The latter half of the last decade can be considered an explosion of SPAs. With introduction of Angular 2, ReactJS, Vue and a ton of such frameworks, creating highly interactive web pages became very easy. So easy that competing technologies like Java applets and Flash are being pushed into extinction.
Of course whenever a new UI technology comes in, it’s going to look exciting, have a big bunch of people jumping on the bandwagon, some realise that it’s actually not relevant to them, others realise something newer has come, then finally, most of them move on. But this time, a new ‘concept’ was spun out. The concept of SPAs.
What are SPAs?
SPAs or Single Page Applications are a concept, where your whole website is just one HTML page. Pieces of content inside the page get dynamically modified and updated using content from the server. For example, a single page that has a menu at the top and an empty box at the bottom – when you click on a menu item, the page will fetch the respective data from the server and populate the empty box. When you click another menu item, it will fetch different content, and replace the content of the (initially) empty box.
In contrast, traditional web applications are made of several pages. So the above example in traditional style would be each menu item would be a a link to the corresponding web page. Clicking on a menu item would just order the web browser to load a new page entirely. The disadvantage being, it’s a bit slower to load an entire webpage rather than populating just data into an existing container.
How to Decide?
SPAs are not an improvement on the web UI, and as such, it’s incorrect to assume that ‘modern’ websites are SPAs. SPAs are just a different way to make websites. So it’s important to choose whether or not to use them. This has become an important decision to make because there are significant differences in user experience between SPAs and traditional applications. So much so, that choosing the wrong type can either make or break the success of your web application.
When to Prefer an SPA
When you’re making an interactive user interface, where there is communication between the different components of the page, it’s better to do an SPA. For example, a dashboard that shows data as tables and charts. You probably would like if the charts are all interactive and respond to different clicks on the page – like if you click on a geography, all the charts get redrawn to show data only for that geography. Another example is a drawing application – a large canvas in the centre and a set of tools like pencil, eraser, shapes etc in a toolbar. These kinds of applications are even possible only because of the advances in UI frameworks and SPAs.
When to Prefer a Traditional Website
When your audience is going to consume information rather than interact with it, then it’s better to do a traditional website. Think of blogs, news websites, video streaming sites, forums – the bulk of the internet. It is unnecessary complication to do an SPA if the interactivity it brings is not utilised. Because it’s way more complex to develop SPAs than normal web pages. There are more possibility of bugs and weird behaviour. More importantly, you page is going to be unnecessarily large and slow to download – SPA frameworks are usually heavy.
Also, if you are making a website where people come to consume information, then you probably depend on search engines to bring you traffic. Well search engines are not very good with SPAs. Chances are that your website won’t even be indexed by search engines, if it’s entirely an SPA.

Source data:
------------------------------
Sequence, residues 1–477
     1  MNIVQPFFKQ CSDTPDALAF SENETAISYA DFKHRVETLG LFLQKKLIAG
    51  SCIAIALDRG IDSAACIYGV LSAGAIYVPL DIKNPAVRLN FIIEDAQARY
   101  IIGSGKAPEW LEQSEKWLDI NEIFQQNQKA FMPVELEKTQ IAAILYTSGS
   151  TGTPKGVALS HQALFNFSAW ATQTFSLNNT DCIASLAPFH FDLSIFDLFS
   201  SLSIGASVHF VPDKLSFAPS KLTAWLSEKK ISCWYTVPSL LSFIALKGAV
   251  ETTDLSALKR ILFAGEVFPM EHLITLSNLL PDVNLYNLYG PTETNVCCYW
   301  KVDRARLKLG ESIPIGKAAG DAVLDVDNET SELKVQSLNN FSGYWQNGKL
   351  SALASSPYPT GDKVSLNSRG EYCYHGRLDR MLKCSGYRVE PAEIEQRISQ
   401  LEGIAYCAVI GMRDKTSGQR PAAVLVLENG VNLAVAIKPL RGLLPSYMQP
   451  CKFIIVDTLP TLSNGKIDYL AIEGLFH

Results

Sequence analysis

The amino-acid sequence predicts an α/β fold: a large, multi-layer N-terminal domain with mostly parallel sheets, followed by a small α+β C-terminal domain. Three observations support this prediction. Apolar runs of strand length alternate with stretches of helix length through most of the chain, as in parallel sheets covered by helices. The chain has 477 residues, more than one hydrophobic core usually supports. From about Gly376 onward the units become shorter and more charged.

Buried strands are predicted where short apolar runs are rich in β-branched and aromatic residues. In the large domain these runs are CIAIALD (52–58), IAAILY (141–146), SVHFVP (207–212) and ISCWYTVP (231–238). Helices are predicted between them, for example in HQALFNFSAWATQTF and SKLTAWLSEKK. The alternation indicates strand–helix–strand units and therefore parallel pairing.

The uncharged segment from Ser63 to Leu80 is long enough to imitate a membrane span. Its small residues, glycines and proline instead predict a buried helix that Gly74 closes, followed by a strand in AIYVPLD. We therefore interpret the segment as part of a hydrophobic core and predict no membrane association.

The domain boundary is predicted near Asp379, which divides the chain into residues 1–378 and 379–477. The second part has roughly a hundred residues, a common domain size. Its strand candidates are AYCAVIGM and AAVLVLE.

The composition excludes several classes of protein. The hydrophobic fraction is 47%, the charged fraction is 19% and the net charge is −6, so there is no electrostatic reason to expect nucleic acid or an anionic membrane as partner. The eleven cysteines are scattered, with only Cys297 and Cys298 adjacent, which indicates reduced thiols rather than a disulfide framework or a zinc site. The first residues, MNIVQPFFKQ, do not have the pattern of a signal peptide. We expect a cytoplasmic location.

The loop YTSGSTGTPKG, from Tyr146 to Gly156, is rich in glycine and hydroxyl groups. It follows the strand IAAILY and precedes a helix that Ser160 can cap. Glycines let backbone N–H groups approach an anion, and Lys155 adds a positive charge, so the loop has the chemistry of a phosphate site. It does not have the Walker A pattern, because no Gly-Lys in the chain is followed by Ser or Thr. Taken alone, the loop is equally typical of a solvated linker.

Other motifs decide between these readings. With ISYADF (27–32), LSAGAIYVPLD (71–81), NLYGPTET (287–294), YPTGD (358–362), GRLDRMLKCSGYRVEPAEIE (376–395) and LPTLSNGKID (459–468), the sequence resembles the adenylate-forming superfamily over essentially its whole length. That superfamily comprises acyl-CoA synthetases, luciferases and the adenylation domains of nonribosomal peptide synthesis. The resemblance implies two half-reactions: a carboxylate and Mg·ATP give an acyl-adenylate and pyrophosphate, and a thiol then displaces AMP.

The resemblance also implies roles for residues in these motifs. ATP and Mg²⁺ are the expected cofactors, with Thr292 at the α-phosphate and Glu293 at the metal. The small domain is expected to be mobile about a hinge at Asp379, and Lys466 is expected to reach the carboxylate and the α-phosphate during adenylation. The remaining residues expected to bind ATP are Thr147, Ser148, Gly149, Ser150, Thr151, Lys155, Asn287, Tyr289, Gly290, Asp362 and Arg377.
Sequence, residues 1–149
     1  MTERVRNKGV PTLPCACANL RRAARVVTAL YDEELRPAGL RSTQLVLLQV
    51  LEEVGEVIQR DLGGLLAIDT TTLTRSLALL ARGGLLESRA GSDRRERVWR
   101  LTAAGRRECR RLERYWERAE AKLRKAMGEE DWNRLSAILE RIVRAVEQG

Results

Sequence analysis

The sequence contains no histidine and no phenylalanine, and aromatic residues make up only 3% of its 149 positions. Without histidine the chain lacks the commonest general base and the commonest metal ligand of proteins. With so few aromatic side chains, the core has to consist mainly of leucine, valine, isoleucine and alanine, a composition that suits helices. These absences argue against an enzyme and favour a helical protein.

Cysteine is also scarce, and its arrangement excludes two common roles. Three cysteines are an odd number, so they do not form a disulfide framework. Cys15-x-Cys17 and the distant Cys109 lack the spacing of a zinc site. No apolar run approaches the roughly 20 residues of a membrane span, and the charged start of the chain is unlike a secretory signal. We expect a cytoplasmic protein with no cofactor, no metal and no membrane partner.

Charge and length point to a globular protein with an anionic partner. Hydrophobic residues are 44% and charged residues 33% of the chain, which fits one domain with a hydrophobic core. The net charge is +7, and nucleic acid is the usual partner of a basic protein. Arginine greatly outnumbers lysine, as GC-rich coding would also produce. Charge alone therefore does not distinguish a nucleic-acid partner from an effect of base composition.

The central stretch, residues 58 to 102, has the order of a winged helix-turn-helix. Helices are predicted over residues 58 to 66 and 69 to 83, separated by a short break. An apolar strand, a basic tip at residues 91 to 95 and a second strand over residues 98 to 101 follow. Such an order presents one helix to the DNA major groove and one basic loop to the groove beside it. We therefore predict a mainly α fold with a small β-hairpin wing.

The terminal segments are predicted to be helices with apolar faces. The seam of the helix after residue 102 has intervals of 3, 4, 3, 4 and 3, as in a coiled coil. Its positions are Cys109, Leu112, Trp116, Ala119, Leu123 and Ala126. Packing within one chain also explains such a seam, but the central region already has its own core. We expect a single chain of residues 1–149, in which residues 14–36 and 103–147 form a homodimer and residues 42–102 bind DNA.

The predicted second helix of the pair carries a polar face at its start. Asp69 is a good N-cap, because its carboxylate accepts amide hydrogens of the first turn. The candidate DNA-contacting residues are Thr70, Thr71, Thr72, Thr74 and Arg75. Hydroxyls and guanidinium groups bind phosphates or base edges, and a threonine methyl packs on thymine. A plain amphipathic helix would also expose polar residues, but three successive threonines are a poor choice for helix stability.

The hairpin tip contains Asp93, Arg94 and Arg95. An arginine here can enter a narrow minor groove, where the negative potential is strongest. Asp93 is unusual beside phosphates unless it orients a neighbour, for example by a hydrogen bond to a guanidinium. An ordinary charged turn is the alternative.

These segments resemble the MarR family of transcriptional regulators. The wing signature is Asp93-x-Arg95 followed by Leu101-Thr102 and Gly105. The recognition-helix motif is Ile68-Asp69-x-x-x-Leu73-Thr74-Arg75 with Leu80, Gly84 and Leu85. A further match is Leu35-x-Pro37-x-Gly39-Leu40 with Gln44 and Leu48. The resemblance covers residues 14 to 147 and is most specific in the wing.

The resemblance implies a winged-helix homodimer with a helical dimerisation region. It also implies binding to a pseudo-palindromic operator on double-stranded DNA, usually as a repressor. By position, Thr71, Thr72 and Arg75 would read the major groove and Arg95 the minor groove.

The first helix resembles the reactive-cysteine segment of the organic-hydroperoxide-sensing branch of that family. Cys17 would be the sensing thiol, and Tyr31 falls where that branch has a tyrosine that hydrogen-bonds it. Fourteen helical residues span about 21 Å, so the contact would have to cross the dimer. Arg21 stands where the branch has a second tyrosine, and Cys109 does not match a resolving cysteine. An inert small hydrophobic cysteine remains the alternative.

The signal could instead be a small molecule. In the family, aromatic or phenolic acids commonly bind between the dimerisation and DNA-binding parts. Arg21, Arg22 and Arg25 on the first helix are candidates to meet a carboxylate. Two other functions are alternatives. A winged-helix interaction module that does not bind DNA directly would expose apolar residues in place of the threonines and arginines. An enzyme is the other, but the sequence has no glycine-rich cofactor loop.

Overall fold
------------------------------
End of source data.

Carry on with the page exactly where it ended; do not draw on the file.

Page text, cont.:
How to Choose
By now, it should be obvious that there is more chance that you do not need an SPA, because most websites exist for consumption rather than interaction. Most people come to the internet to read, watch or listen. And a smaller portion usage is interactive applications like posting blog entries, working with documents, editing images and so on. So the choice is simple. If your website is more for reading, watching or listening, then do a traditional site. If your website is more for interacting – filtering, sorting, drill-downs, slice-n-dice, drawing and so on, do an SPA.
How About Both?
The thing is most of the times, your website might have to do both. Think of a shopping website. The shoppers all have to read the pages, look at the product details, read reviews – so it seems like a site where people primarily read information. But, it also has to be interactive -filtering products, sorting search results and so on. What to pick in this case?
Such websites can benefit from both approaches. So I would use a combination of both. Start out with a normal traditional website. Then introduce SPA features into the pages where it’s necessary. So your website would be like a collection of pages, some of which are mini SPAs. For example, the search results page is a normal page without SPA functionalities. But to improve user experience, the product page might have features like commenting, reviewing, browse multiple product images, buttons to add/remove the product from the shopping cart etc. These can be done SPA-style, so that the user won’t be navigating away from the page to do these little actions.
When in doubt, do a traditional website. It’s easy to get a normal website right. But getting SPAs right is hard work. Wait for circumstances to strongly push you towards SPAs – and then you can refactor your website to be an SPA. Because often when the developers are in doubt, it means there’s not much benefit in increasing complexity. Presenting an SPA when there is not need for one, will just make the user experience worse. Where the situation doesn’t demand it, SPAs stick out like sores and sometimes even end up irritating the user. So again, if you’re confused, just do a plain old website and live peacefully ever after.